Warren said some of the Dutch prints KAM acquired are not often collected by museums, even if they were made by prominent artists. Polemical images were often printed on broadsheets that would contain a large amount of text, so curators have seen them as more properly belonging to a library, not an art museum. But Warren and Seydl see the ways that visual culture and political culture are deeply connected through these works. To bring them to KAM, Warren wrote a successful application to the U. of I.’s John N. Chester Endowment Fund, which supported one-third of the total acquisitions.
“This is not a library collection. These are works by the finest artists in the 17th-century Netherlands working in the field of print,” Seydl said. “We were able to acquire a remarkable number for their quality and importance.”
Such Golden Age prints are often rarer than fine art prints of the period, said Brooks Rich, the associate curator of Old Master prints at the National Gallery of Art.
“Paradoxically, popular prints from this period were often produced in larger quantities but tend to survive in smaller numbers,” Rich said. “These prints were made for mass consumption, and they weren’t necessarily seen as something to collect.”
After being read, broadsheets might have been used to back the bindings of books or to line drawers or shelves, he said.
“Prints were part of everyday commerce and living in ways we don’t think of now. I think it’s important that museums collect them because they are a means to really understanding the ways that everyday people consumed information and art,” Rich said. “Prints could reach a lot of people in a very short amount of time for not very much money. Not everyone could afford to buy a painting, but they could often afford to buy a print that reproduced a painting or a penny print that produced satire or local news.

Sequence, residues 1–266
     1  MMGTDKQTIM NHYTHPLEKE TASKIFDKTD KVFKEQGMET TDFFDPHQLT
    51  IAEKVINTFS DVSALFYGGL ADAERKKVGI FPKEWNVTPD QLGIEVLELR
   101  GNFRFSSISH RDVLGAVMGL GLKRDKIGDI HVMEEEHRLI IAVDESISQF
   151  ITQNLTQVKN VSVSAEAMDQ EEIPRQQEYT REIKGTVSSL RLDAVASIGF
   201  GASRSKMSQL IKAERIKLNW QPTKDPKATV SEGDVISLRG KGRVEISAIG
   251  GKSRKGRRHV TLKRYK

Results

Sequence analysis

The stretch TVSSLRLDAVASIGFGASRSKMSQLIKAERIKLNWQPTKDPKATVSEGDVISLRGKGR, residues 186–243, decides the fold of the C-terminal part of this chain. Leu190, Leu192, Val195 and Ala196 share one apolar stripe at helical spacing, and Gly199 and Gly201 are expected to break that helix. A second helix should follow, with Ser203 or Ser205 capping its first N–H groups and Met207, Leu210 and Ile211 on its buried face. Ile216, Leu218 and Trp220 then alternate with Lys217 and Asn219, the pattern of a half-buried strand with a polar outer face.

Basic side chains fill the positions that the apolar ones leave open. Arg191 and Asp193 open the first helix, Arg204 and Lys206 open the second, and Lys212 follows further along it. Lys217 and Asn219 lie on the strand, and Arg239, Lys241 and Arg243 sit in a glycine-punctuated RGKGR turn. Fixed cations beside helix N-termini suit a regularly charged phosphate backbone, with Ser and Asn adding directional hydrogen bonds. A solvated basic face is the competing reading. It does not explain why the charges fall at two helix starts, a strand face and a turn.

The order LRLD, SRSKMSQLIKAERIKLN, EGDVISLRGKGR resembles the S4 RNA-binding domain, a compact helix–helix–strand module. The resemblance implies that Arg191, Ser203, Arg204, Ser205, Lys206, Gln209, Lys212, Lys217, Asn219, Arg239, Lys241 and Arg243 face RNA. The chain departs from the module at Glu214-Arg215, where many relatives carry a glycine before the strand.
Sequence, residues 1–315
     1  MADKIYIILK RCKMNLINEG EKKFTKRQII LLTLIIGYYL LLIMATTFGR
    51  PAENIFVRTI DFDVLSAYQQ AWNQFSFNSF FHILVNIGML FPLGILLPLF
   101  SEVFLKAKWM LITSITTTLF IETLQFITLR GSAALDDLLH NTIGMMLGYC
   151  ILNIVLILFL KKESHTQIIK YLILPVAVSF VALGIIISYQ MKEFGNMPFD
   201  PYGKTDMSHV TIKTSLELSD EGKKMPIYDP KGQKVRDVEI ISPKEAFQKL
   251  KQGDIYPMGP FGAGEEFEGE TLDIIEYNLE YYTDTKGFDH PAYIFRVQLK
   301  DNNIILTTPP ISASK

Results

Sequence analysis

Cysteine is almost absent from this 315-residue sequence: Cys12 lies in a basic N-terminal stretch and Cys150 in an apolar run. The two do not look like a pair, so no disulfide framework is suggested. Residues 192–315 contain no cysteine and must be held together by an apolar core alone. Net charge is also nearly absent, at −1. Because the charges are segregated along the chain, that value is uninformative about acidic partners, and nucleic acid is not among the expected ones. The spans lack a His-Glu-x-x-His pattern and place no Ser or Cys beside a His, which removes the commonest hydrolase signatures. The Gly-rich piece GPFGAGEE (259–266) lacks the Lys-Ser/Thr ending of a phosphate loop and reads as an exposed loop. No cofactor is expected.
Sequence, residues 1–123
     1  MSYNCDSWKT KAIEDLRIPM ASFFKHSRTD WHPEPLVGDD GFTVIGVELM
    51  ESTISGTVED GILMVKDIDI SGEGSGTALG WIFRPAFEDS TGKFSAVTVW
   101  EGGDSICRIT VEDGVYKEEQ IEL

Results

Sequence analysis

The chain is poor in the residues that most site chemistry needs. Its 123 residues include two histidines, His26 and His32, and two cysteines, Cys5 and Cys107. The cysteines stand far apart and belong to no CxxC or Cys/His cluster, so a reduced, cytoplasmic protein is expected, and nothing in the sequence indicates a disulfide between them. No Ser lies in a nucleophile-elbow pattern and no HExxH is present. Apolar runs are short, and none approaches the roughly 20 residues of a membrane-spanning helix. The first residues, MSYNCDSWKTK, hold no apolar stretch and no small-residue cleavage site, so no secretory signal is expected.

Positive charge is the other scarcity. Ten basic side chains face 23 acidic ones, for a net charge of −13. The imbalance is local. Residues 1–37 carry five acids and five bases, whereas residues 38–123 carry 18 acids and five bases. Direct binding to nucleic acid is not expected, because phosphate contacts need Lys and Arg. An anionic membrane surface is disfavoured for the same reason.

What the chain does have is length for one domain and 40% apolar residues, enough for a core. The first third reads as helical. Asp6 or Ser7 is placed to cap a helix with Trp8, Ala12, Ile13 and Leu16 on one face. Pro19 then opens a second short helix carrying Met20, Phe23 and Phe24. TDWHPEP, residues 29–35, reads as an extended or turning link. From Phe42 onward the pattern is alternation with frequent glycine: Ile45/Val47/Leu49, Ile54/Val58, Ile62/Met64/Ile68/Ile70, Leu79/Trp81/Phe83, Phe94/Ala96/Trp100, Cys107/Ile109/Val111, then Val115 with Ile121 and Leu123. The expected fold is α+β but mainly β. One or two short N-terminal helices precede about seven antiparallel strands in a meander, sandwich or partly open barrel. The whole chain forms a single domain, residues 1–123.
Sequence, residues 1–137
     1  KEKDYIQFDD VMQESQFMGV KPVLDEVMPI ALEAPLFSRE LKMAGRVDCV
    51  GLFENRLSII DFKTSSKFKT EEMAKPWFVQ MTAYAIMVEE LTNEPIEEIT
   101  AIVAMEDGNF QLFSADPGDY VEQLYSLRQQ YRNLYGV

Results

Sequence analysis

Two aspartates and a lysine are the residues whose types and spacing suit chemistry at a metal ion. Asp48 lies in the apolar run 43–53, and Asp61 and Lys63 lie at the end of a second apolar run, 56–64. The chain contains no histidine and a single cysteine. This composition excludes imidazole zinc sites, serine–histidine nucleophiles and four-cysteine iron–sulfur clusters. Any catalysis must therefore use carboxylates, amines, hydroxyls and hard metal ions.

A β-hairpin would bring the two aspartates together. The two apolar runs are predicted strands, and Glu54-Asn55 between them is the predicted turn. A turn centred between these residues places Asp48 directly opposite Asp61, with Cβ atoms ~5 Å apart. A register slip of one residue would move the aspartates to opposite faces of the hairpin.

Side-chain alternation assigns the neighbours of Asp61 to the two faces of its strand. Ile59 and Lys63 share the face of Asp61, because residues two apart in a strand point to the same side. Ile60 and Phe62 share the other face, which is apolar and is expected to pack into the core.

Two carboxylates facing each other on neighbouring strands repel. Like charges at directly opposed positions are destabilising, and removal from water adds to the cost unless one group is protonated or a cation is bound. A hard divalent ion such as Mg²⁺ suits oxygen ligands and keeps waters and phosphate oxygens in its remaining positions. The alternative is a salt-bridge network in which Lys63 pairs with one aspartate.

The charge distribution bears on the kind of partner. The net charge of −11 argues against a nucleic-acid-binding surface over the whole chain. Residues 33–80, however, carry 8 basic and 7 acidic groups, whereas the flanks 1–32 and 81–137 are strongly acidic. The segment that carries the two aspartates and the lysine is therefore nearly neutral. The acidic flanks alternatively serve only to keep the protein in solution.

“There was such a broad range of uses and functions for prints, and they can be interpreted in so many different ways, so having a collection like this that includes overlooked popular prints is valuable for scholarship and our understanding of the period,” he said.
In addition to political propaganda and satire, the newly-acquired prints include views of the daily lives of women that depict their relative autonomy and independence in Dutch society. Other prints show images of Dutch naval power, trade, war and crime.
“We tend to think employing images for political satire is a relatively recent phenomenon. I think it’s important for folks to understand that it has a really long history and that this type of material was a critical part of the freedom of expression,” Seydl said.